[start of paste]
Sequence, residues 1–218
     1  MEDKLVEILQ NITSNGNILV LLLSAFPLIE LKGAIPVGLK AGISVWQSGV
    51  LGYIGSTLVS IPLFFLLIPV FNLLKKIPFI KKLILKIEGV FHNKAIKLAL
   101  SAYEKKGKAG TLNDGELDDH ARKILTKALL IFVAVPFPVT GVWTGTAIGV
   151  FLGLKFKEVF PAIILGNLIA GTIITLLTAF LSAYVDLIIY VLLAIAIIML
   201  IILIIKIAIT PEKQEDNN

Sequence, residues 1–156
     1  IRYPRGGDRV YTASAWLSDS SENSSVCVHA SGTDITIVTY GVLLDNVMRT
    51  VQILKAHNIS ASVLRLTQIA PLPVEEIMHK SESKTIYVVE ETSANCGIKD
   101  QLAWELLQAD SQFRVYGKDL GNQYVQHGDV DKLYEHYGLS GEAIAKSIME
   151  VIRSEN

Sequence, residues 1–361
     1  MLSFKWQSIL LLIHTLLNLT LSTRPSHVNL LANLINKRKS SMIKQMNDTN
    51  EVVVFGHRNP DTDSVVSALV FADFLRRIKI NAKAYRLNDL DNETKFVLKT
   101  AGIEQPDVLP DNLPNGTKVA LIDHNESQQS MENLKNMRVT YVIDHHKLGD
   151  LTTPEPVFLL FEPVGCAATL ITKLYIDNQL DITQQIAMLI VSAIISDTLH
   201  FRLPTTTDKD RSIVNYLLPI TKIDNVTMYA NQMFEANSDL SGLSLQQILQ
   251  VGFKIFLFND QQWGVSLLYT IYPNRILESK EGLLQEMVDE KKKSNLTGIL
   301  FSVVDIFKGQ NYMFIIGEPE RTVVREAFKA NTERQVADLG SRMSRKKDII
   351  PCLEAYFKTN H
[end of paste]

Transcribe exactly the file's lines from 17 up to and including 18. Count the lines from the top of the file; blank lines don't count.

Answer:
   201  FRLPTTTDKD RSIVNYLLPI TKIDNVTMYA NQMFEANSDL SGLSLQQILQ
   251  VGFKIFLFND QQWGVSLLYT IYPNRILESK EGLLQEMVDE KKKSNLTGIL